There were several reasons of creating such a dismal performance of FDIs to tourism industry: (1) Insufficient incentives to broaden the tourist generating new markets, (2) Less encouragement to create new tourism entrepreneurs & tourism business opportunities, (3) Rapid increase in basic investment costs including deprecation of currency, high-electricity charges and financial investment cost, mainly attributable to the destructive and unbridle tax burden policies on tourism business operators, (4) Ineffective attention on national security and protection, (5) Poor coordination among relevant ministries and government authorities, and (6) Less attention on meritocratic public entrepreneurship and innovative bureaucratic.       

Key Challenges of Tourism Development in Sri Lanka:

Integrated and holistic policy strategies are decisive to successfully address the multi-faceted and inter-connected challenges facing for tourism development of the country.

Such policy measures and strategies should emphasize the Public-Private and People Partnership (PPPP), while not forgetting that the tourism sector is driven by the private sector with the support of public sector intervention.

Actions Speak Louder Than Words:  

Sri Lanka is known as one of best tourist destination countries for developing the best policy and planning blueprints since the formal beginning of the industry in 1967.

  • Outcome Driven and Result-Oriented Tourism Strategic Planning:  It is important to focus the outcome-driven and result based tourism planning by using appropriate policy tools, particularly to successfully adjust with the different conditions, characteristics and patterns of tourism development. Getting the maximum synergized contribution from all kinds of stakeholders for the well-focused and prioritized tourism development initiations and implementations is a must. It should orient all actions and consequent use of resources for achieving clearly defined and demonstrable results, ensuring the transparency & accountability, allowing interventions to avoid the destructive overlaps and wastes of tourism development. Such policy and planning should not focus only Inputs and Outputs, but also Outcome and Impacts.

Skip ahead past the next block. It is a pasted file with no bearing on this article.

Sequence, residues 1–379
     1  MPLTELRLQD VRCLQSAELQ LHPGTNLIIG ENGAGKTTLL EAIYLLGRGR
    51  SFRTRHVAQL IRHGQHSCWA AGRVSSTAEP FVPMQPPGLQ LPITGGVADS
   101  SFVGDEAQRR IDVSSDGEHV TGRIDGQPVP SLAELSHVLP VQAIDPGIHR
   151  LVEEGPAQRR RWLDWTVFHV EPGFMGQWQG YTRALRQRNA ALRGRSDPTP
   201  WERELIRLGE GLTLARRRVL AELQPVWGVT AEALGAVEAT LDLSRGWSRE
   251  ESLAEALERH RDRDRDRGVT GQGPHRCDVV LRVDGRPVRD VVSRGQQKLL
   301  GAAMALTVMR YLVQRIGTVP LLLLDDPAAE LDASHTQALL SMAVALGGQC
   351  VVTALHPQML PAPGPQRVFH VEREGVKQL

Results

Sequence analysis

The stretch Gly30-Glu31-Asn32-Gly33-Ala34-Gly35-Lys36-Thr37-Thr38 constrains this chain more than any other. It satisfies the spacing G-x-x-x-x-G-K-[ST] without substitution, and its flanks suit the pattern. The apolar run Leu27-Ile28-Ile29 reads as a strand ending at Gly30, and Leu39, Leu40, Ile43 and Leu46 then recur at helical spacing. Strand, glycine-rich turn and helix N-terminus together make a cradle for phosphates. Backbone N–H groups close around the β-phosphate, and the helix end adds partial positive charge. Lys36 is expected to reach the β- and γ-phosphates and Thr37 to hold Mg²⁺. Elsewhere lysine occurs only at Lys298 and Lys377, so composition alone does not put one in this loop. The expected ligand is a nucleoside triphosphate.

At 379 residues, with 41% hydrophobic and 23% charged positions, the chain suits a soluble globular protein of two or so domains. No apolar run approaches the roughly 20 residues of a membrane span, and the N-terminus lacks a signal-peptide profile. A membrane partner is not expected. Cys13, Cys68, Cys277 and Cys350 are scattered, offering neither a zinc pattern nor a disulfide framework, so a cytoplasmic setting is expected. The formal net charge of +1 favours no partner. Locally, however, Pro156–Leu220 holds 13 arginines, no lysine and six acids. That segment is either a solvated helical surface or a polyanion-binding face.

• Actions for Implementation and Evaluation: The most decisive factor of getting a great success of any tourism strategic planning and development is to design proper implementation with the relevant actions and also evaluation on such strategic planning, understanding a comprehensive process for determining the expected development goals of Sri Lanka Tourism and the steps needed to achieve such goals, with an integrated strategic approach for inclusive and sustainable tourism development of the country.    
  • Integration of Tourism Development with National Development Priorities: Understanding of the increasing opportunity costs in developing tourism industry and balancing any such development to reach the national priorities and targets is fundamental when implementing the development activities tourism industry of the country.  In other word, tourism development should not create a “Dutch- Disease Impact” to the economy of the country.
  • Think Globally, Act Locally and Be Proactive with Global Tourism Trends:  Sri Lanka Tourism must be properly assessed with its future prospects and potential by understanding the current patterns and emerging trends in global tourism. In general, people travel for a variety of reasons such as to explore, to relax, to experience other cultures and so on, but at the core of all those reasons of travels must be gaining memorable experiences lied during their stay in Sri Lanka.